1185 Mountain colony of polygamy

Balancing Bountiful: What I Learned about Feminism from my Polygamist Grandmothers
by Mary Jane Blackmore

Halfmoon Bay: Caitlin Press, 2020
$24.95 / 978177386-0046

Reviewed by Lynne Bowen


People who live in British Columbia have become familiar with the names Blackmore and Bountiful over the past three decades. And so my motivation for choosing to read Balancing Bountiful by Mary Jayne Blackmore was entirely out of curiosity. I knew from news sources that Bountiful was a Mormon or LDS (The Church of Latter Day Saints) community in the East Kootenays near Creston that practiced polygamy, and that Winston Blackmore, the spiritual leader of Bountiful, had acquired twenty-seven wives serially and sired one hundred fifty children.

Author Mary Jayne Blackmore was the fifth child born to Winston Blackmore. The first half of the book reads like an apologia for him and the polygamist colony. It contains a detailed description of an idyllic childhood where Mary Jayne and her ever-growing circle of siblings, half-siblings and second cousins worked and played hard. They milked cows and pulled weeds, swam in the river and rode horseback. The plentiful food was home-grown and home-cooked by their mothers. In the children’s eyes the lifestyle was ideal; cosy adjectives abound in the text: the beds were always warm; the biscuits always buttery.

Winston Blackmore, former bishop of the Fundamentalist Church of Jesus Christ of Latter-Day Saints. Photo courtesy Kimberley Bulletin

But boys and girls were treated differently. Even when swimming, when both genders had to be modestly clothed, the girls were required to wear long, loose dresses while the boys swam in their jeans and shirts albeit buttoned to the throat. Children of both genders had to cover their legs which was easy for the boys but required the girls to wear long underwear which showed below their skirts. Even though the boys were allowed to cut their hair the girls were not. Their ever-lengthening single braids made them instantly recognizable as residents of Bountiful when they went to Creston to shop.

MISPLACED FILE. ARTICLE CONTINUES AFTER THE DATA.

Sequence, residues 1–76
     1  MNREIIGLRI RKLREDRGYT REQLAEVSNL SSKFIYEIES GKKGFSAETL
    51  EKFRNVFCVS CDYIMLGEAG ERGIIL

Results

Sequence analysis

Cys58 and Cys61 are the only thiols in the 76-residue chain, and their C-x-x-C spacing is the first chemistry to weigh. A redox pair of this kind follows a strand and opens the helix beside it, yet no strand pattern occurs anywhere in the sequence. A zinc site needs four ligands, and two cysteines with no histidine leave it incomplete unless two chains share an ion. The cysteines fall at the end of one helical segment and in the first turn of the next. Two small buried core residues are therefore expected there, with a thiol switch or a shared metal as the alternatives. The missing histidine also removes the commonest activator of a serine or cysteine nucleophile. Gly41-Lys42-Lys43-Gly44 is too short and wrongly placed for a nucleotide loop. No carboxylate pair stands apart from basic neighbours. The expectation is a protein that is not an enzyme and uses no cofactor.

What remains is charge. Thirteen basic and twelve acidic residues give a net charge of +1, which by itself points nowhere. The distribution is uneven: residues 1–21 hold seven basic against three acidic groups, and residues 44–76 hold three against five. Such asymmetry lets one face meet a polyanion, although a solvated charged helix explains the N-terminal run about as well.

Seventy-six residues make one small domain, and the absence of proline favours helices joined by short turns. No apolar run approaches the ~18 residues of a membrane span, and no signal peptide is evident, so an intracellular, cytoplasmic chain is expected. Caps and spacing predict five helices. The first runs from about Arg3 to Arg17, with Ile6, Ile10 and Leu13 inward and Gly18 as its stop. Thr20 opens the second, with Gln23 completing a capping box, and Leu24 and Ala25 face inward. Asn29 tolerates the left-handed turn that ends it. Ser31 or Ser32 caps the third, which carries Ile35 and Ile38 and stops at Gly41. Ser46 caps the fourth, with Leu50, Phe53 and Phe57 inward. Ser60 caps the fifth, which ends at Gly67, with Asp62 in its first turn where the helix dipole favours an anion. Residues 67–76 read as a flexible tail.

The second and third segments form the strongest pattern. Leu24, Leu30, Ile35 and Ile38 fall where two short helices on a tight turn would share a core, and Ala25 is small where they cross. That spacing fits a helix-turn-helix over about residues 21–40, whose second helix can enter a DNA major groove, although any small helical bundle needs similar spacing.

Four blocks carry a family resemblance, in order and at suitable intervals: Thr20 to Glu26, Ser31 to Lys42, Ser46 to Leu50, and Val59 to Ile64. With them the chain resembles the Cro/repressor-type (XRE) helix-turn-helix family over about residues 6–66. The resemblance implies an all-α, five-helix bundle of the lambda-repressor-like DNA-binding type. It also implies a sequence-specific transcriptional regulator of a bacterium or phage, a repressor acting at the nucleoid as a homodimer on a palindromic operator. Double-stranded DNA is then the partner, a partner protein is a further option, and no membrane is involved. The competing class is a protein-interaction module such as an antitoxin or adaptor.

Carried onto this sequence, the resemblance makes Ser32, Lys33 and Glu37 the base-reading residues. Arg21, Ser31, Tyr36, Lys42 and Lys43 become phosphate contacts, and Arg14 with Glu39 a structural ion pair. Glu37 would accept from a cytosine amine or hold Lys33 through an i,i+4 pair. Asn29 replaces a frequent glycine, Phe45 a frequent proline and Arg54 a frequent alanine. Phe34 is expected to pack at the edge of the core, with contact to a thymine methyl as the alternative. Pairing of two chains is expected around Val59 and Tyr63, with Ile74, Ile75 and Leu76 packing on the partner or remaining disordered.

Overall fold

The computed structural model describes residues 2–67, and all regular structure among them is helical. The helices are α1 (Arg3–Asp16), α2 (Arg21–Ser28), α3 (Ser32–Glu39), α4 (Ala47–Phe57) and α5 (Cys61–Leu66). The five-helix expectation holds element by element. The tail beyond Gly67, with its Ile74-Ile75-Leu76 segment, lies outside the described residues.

As Mary Jayne became a teenager, there were other examples of the difference between the way boys and girls were treated in Bountiful before they reached the age of “marriage placement”. Many of the rules were designed to ensure that the girls’ reputations were protected. For example, teenagers of both genders were allowed or even required to earn money at jobs at work camps off site, but the girls had to return to Bountiful every night to sleep. This meant that the boys had to return home to sleep too when the only teenager old enough to have a driver’s licence was a girl. And when it came time for marriage placement, both boys and girls had to marry the person who had been chosen for them, but the boys would go on to marry additional wives while the girls would not.

Throughout the book certain words are used that indicate the difference between the polygamist community and society in general. The leader of the LDS sect is referred to only as the “Prophet” and LDS members as the “Saints.” The entire sect awaited the “Great Destruction” as if it would happen soon, and when it did, only the Saints would be saved. But like all apocalyptic predictions throughout history, the LDS world did not end on schedule. The turn of the new millennium passed without incident.

Some of Winston Blackmore’s wives. Courtesy globalnews.ca

Words like the Saints and the Great Destruction grated on this reader and stylistically the text is overburdened with adjectives and adverbs. But the content is rich and carries the reader easily through the book as Mary Jayne marries, bears two children, and acquires a post-secondary education. Her love for her parents and the memory of her idyllic childhood hold her to the colony even as she divorces, travels the world and becomes the principal of the colony high school.